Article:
"Though we are Small, we Try Hard": Centering Youth Voices through Collaboration
Wilder’s Community Initiatives team works alongside communities to address complex challenges involving our systems, organizations, communities and individuals. Recently, our team committed ourselves to ensuring that all of our work advances racial equity.
Recognizing that this work must be done intergenerationally in order to be relevant and sustainable, we wanted to disrupt our ageist patterns of thinking and organizing by engaging the thoughts, experiences, feelings, and voices of young people first. They are not just the leaders of tomorrow, but are also powerful leaders and co-creators of transformative change today.
Take A Moment:
- What does equity mean to you?
- In what ways is it different than equality?
- What would an equitable world look like, feel like, and include?
- What would it take to get there?
We didn’t have all the answers either.
Together with Girls Getting Ahead in Leadership (GGAL), the High School for Recording Arts, Avenues for Homeless Youth, and alumni from Wilder’s Youth Leadership Initiative (YLI), the Community Initiatives team partnered to facilitate and hold space for six different 45 minute conversations with over 70 young people ages 14-21 to think about, discuss, and share their perspectives regarding the roles of young people, intersections of identity, and building equitable communities.
Our Youth Voice conversations were designed to deconstruct limits around imagining the future, identify narratives about youth, and center the voices of young people in order to think more deeply about how young people and adults can work together to advance racial equity.
In order to model youth voice, we worked with program alumni from Wilder’s Youth Leadership Initiative to design and co-facilitate with us. These youth leaders brought depth, critical thinking, and creative energy to the process.
Addressing Complex Challenges
Given Minnesota’s vast racial disparities, there are no one-size-fits all solutions – and we don’t expect there to be. Stepping into a space with tons of questions and no preconceived right answers was exhilarating and gave way to new and emergent thinking. Throughout each Youth Voice conversation, participants brought new ways of thinking and experiences that would have otherwise been missing from our Community Initiatives approach to racial equity. Each convening created more questions and food for thought to introduce into the next.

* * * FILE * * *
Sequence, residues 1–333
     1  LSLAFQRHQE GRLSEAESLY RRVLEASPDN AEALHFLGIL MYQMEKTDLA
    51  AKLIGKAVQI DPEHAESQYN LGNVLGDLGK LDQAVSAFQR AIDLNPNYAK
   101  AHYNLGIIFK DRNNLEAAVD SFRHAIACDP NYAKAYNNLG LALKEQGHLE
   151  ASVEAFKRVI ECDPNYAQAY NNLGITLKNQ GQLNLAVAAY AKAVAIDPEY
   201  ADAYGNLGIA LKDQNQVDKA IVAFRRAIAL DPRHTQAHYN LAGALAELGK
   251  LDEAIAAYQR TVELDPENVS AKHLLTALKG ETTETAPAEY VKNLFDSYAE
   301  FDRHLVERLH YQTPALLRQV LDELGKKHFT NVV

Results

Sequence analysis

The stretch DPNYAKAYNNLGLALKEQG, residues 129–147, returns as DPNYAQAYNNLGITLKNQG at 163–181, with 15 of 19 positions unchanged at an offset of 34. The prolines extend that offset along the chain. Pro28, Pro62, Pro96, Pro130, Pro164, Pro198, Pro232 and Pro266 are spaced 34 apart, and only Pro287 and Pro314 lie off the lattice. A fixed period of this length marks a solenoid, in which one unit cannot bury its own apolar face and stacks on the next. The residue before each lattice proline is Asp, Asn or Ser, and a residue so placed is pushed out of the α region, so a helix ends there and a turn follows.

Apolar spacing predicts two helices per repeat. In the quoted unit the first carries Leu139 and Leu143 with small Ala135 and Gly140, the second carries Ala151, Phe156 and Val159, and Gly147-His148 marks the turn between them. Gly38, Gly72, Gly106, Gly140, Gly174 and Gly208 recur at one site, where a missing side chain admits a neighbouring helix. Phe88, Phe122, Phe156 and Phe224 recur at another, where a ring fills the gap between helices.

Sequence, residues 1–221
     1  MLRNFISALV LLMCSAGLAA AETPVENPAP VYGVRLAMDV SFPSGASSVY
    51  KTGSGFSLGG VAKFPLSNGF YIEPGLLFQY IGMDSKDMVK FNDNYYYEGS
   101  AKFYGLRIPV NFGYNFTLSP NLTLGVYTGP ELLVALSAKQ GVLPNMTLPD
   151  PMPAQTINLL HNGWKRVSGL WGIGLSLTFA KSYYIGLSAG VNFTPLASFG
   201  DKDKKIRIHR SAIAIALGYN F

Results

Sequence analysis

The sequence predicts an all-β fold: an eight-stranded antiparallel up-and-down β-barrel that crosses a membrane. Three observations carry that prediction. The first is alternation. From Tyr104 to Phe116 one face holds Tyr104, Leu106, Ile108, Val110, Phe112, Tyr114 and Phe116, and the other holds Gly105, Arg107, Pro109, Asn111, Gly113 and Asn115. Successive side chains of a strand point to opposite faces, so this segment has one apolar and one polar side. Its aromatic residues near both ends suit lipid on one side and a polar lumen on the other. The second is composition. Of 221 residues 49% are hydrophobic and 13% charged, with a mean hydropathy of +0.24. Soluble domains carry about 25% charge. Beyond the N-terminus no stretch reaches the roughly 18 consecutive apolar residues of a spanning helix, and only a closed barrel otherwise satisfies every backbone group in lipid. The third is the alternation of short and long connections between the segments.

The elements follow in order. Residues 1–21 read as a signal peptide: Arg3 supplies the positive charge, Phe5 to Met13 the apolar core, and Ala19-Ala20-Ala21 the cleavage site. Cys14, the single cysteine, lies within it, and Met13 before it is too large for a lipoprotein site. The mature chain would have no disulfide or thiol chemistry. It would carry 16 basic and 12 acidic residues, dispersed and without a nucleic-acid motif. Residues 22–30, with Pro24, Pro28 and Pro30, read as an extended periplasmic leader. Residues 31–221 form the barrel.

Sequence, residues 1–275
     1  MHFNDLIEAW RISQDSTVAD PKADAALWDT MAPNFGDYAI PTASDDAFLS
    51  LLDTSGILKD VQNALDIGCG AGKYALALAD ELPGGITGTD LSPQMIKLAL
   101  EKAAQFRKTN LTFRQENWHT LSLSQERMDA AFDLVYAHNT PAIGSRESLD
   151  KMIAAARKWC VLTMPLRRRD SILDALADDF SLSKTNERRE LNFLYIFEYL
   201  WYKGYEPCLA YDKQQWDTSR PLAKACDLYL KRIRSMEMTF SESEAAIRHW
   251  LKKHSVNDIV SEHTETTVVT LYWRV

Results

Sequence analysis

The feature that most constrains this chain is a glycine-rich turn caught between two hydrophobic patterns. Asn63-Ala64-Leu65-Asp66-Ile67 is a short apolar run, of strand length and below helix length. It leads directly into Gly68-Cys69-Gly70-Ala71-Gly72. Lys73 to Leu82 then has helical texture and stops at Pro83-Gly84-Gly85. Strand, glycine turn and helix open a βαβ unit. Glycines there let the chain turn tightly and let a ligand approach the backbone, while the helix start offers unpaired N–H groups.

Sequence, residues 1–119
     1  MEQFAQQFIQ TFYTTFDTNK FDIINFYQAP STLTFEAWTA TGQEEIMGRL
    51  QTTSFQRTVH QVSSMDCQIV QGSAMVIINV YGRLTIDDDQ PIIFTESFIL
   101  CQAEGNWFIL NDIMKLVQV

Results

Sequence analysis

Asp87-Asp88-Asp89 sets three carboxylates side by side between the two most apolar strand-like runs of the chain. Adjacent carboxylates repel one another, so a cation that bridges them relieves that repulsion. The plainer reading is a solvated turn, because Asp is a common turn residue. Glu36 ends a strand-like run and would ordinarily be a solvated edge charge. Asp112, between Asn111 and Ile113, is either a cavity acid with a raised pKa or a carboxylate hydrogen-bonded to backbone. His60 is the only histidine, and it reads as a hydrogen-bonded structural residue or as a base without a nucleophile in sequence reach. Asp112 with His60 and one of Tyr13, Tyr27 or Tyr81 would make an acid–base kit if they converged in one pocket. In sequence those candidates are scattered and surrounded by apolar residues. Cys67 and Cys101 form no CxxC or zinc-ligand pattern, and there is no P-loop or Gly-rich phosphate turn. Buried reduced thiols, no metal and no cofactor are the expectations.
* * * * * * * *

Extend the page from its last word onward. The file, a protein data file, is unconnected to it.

Co-Creating New Narratives
In each Youth Voice conversation, we employed Marshall Ganz’ Public Narrative, identifying the Story of Self, Story of Us, and Story of Now throughout the conversations, which can be found at the National Democratic Institute's website.
We also intentionally identified several of the narratives – good, bad, or neutral – that young people encounter on a daily basis. This effort in itself worked to actively challenge the narratives that position young people as “lazy, apathetic, uninformed, and naïve” by turning to youth first as leaders and people who hold valuable knowledge.
The collaborative nature of this effort provided the space for youth to connect, speak, and be heard in order to shape the work of Community Initiatives, deepen the conversations occurring at their respective programs/schools and think together about co-creating opportunities to continue contributing and affecting positive social change.
Alex Lohrbach completed her graduate degree at the University of Minnesota and served as the Master of Social Work intern with the Community Initiatives team at the Amherst H. Wilder Foundation during the 2015-2016 school year.
To learn more about our work or explore opportunities to collaborate, contact us:
Kirsten Johnson at firstname.lastname@example.org or 651-280-2492
Sindy Morales Garcia at email@example.com or 651-280-2397